Retail clerks who can answer shopper questions about varieties and ripeness and empowering them to make the right selections for their individual needs is central to retail success, marketers say.Avocado-savvy produce department employees are a key to keeping sales on a positive growth trajectory, avocado marketers say.
An ability to answer shopper questions about varieties and ripeness and empowering them to make the right selections for their individual needs is central to retail success, marketers say.
Progress is being made in that area, said Phil Henry, president of Escondido, Calif.-based Henry Avocado Corp.
“They’re certainly getting more knowledgeable,” he said.
Henry said he commiserates with produce department employees in stores frequently.
“I talk to retail produce clerks and managers, and I think they’re pretty good,” he said.
But, he added a caveat.
“I have to admit, I’m in Southern California, where they’ve been handling avocados for a long time. I’m not in Michigan asking those questions, and I’m sure it’s more of a challenge when you’re selling less volume of product,” he said.
Educating retail employees is a challenge, said Rob Wedin, vice president of sales and marketing for Santa Paula, Calif.-based Calavo Growers Inc.
“We have helped some companies with some instructional material, but we’ve done it in cooperation with one or another association,” he said. “It’s never ending. There’s no doubt about that.”
Retail buyers can be shrewd avocado purchasers, said Bob Lucy, a partner in Fallbrook, Calif.-based Del Rey Avocado Co. Inc.
“I think we have a pretty sophisticated customer base,” he said. “They know what they like. They know if fruit’s coming in that may be not quite ripe.”
Riverside, Calif.-based Index Fresh Inc. gives its customers opportunities to see the fruit at all stages of production, said Dana Thomas, president.
“We offer to our customers, whether retail or foodservice people, an opportunity to take their people into the packinghouse or out into the field and talk to them about avocados and handling,” he said.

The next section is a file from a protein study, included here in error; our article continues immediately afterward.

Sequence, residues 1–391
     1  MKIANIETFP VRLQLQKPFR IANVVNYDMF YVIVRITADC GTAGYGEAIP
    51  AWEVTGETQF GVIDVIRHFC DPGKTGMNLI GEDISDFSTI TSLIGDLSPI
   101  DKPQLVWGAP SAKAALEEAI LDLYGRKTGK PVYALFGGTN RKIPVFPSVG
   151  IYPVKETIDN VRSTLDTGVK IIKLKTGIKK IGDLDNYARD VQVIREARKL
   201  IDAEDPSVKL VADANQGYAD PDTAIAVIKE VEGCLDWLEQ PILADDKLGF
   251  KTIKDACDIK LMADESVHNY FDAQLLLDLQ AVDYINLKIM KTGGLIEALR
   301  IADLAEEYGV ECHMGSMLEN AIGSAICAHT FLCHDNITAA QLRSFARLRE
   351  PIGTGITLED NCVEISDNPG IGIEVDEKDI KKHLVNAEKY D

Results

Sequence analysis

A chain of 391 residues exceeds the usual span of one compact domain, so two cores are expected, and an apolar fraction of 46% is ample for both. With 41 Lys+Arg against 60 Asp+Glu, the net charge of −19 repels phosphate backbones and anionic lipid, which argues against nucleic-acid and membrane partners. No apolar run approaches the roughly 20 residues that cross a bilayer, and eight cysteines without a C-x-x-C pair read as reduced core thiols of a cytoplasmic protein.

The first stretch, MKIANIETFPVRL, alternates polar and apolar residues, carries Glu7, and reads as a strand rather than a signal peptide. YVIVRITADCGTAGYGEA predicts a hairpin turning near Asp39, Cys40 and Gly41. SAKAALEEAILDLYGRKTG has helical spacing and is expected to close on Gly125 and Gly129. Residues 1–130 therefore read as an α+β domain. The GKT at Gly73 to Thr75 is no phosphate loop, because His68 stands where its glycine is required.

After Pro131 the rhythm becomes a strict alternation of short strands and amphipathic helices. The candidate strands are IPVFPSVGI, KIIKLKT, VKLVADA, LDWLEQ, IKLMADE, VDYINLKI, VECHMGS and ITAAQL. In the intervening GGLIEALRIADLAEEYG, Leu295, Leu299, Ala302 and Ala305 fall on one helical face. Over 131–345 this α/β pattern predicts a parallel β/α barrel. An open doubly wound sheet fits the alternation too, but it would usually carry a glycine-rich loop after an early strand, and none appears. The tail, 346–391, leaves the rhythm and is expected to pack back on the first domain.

Customers learn all the basics they need to know about the fruit, Thomas said.
“We might bring a group of buyers to our packinghouse or store people to the packinghouse and walk them through a kind of Avocado 101,” he said.
That includes meeting growers and getting an idea of the challenges they face, Thomas said.
“We do that internationally, as well, taking customers to Mexico, Chile and Peru to give them a feel for what the avocado goes through and what’s important once it gets to them,” he said.
Dan Acevedo, business development director at West Pak Inc., Murrieta, Calif., said his company’s JustRipe program provides a lot of valuable information.
“There is a JustRipe chart which we offer to our retailers to send out to the stores, which share with them the right way to select a ripe avocado,” he said.
Retailers and consumers benefit, Acevedo said.
“What we found is when you have a retailer on a JustRipe program, their customers find consistent ripeness whenever they walk into their stores, and that helps reduce shrink, because you don’t have people feeling every avocado,” he said.